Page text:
Bishop Hudson reflects on Blessed Carlo Acutis

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Last week, three celebrations took place for Blessed Carlo Acutis. On 31 May, Bishop Nicholas Hudson, Auxiliary Bishop for the Diocese of Westminster, led Adoration of the Blessed Sacrament for young people at Farm Street Church, after Blessed Carlo’s mother, Antonia Salzano, spoke. On 1 June, Corpus Christi Church, Covent Garden, hosted Mass and Adoration of the Blessed Sacrament. Finally, on 2 June there was Mass with veneration of his relics at Our Lady of Dolours Servite Church where Blessed Carlo was baptised. Antonia Salzano talked at each of these celebrations about her son’s life, faith and passion for the Church.

Bishop Hudson gave us his reflections on the event at Farm Street.

Bishop Hudson Reflection

“Not I but God.”  Those were the first words from Blessed Carlo Acutis that we heard uttered in Farm Street on Wednesday 31 May.  Alongside us was Blessed Carlo’s mother, Antonia Salzano.  We had invited Antonia to come and share with this great gathering of young people the experience of raising Carlo and seeing the love of Christ take root in him. 

 The evening had been organised by the Westminster Diocesan Youth Ministry.  Carlo is patron of the Diocese’s ‘Looking to Lisbon’ group, the group of young adults who will be going to World Youth Day in August.  This World Youth Day group have committed to a year’s formation in youth ministry; and helping with the Farm Street event had been part of their training. 

 The Jesuit church was packed: more than five hundred people had filled the nave and side-chapels.  All eyes were on Antonia as she began to speak to us of her son.  She drew from what she had seen grow in him during his fifteen-year life – to encourage every one of us to deepen our own faith and practice. She described  the way he would take a short piece of Scripture every day and pray with it, so he could “reason like Jesus”; how he set up a ‘domestic Caritas’ with containers full of clothes for the poor; how he stood up for anyone being bullied at school; how essential he regarded prayer before the Blessed Sacrament; his conviction that “the Eucharist is (our) highway to heaven”, that “the more we receive Jesus the more we become like Him”; the need for regular Confession, because venial sins are like sandbags which prevent the soul from being like a hot-air balloon rising to God; that the Rosary is the shortest ladder to heaven, never failing to keep his daily “appointment” with Our Lady; how he would say, “to be united with Jesus, this is my programme of life”, urging us to make it our programme too.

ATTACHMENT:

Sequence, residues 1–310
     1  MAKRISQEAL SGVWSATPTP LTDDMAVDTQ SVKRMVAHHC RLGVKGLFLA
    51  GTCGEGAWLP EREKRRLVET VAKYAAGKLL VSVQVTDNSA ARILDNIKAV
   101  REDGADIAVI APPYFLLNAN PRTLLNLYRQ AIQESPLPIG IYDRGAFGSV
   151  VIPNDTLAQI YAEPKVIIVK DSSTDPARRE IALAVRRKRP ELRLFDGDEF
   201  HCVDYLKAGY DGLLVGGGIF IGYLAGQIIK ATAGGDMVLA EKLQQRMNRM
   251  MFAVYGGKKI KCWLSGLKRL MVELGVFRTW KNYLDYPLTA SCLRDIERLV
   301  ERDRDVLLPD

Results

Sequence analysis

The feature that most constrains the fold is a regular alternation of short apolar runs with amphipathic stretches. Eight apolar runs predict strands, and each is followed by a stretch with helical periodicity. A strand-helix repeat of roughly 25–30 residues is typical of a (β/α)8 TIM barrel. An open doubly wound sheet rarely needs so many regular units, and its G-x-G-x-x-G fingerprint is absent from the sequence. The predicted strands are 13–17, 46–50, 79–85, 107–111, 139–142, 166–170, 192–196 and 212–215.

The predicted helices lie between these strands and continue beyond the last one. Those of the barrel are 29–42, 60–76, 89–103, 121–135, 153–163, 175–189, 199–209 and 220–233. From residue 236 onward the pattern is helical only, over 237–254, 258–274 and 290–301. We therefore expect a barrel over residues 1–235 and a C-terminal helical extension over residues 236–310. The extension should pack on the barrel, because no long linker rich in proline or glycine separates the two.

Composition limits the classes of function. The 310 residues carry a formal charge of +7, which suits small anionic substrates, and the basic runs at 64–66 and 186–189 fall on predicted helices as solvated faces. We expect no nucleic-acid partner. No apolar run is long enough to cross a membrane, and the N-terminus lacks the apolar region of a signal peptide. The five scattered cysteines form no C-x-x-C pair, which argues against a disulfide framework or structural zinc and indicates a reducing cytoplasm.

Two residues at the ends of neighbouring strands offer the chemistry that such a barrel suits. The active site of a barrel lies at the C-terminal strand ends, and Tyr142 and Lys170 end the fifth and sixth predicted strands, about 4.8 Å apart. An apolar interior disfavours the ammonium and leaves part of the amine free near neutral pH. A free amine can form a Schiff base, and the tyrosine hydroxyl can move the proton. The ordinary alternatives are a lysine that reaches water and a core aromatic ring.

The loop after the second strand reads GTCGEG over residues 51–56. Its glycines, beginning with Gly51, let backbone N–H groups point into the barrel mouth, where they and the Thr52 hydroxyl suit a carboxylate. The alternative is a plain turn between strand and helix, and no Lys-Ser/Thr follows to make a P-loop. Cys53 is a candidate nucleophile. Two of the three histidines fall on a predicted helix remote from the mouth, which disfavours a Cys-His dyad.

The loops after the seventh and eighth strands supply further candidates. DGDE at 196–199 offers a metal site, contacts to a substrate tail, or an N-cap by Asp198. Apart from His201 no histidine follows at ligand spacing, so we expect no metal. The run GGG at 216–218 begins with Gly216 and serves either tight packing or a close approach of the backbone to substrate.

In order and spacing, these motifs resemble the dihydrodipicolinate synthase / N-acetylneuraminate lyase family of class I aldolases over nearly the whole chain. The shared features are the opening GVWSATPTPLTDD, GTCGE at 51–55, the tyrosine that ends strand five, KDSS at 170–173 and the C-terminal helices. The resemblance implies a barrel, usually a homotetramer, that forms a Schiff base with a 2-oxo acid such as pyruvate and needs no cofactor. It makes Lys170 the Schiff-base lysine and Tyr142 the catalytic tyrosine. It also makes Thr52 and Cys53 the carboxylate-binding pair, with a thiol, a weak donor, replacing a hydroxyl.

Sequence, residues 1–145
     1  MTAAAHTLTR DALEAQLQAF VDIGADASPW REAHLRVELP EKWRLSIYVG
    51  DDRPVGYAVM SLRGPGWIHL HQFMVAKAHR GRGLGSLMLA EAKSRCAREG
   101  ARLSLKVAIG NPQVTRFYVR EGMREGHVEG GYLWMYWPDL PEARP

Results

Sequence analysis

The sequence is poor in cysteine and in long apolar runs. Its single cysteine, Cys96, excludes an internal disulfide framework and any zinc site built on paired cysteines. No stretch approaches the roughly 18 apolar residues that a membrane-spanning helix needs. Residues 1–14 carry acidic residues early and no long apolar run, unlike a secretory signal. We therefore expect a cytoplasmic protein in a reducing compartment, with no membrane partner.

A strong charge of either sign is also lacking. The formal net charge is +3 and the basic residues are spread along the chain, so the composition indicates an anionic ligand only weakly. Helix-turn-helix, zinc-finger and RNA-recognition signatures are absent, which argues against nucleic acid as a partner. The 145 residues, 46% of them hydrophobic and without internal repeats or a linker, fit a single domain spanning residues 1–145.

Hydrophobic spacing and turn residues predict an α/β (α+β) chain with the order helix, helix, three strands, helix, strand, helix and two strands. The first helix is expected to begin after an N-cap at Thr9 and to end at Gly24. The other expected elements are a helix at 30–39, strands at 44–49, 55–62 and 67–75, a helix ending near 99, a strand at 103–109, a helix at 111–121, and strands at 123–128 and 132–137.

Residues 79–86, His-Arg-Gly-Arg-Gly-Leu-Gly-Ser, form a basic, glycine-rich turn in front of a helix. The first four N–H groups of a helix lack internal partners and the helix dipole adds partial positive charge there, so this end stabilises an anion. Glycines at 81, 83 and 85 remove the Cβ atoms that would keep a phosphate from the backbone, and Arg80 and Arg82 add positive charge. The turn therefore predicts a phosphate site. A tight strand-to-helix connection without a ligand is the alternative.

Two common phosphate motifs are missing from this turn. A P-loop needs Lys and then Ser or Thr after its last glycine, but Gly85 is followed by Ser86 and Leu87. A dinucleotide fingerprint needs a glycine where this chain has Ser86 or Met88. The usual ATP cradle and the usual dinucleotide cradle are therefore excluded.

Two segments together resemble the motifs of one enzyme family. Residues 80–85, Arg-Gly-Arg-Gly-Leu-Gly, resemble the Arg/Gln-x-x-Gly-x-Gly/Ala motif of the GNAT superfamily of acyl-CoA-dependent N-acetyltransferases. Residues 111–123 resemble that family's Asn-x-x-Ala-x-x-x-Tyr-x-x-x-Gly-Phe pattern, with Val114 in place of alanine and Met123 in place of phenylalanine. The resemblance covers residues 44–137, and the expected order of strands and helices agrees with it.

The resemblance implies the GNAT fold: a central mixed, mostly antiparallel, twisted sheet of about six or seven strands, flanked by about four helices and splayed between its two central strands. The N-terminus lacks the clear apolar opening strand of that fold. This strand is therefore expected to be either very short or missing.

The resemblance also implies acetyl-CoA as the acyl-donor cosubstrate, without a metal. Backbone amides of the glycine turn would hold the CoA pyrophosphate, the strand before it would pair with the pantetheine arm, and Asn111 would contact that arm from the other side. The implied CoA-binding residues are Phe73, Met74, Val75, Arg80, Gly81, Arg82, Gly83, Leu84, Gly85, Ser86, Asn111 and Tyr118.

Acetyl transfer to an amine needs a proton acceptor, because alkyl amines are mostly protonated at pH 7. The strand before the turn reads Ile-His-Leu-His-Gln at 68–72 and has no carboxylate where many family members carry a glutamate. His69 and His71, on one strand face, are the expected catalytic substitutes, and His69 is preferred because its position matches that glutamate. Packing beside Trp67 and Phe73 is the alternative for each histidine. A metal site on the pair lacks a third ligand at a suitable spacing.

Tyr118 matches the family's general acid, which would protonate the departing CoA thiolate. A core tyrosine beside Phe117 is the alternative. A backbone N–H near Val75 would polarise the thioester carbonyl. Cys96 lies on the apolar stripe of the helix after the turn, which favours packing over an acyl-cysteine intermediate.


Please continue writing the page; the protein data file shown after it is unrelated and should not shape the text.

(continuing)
Most moving was to hear how just five days had passed between Carlo’s entry to hospital and his death from leukaemia.  Still, his mother told us, he never lost his smile.  He offered his suffering spontaneously for Jesus, the Church and the Pope.  He promised his mother he would be sending signs that he was with God: the sight of Farm Street church filled with youth seemed like a sign itself of how many people Carlo is calling into relationship with God. 

 “Not I but God” we could imagine him saying as we settled down, en masse, to worship Jesus present and exposed in the Most Holy Sacrament of the Altar, urging us to believe that “without Him I can do nothing.”  It was easy to imagine him praying alongside us, encouraging us to believe that “the Eucharist is truly the heart of Jesus”, urging every one of us to say in our own way to the Lord, as he used to say, “Jesus, come right in, make yourself at home!” 

 As I walked home I found myself recalling the faces of the many young people who had told me, that evening, that they felt Carlo had mysteriously “found” them.   My fervent prayer was that Carlo would indeed stay with each us who had been a part of this event, helping us  make our home in Jesus and lead others into relationship with Christ. 


Blessed Carlo Acutis, the Italian teenager who used the internet to spread his faith, is on the path of becoming the first millennial saint of the Catholic Church.

Blessed Acutis was born May 8, 1991, in London. A few months after his birth, his parents, Andrea Acutis and Antonia Salzano moved to Milan. He died aged 15 of leukaemia in 2006.

Blessed Acutis’ cause for canonisation began in 2013. He was designated “Venerable” in 2018 and “Blessed” in 2020.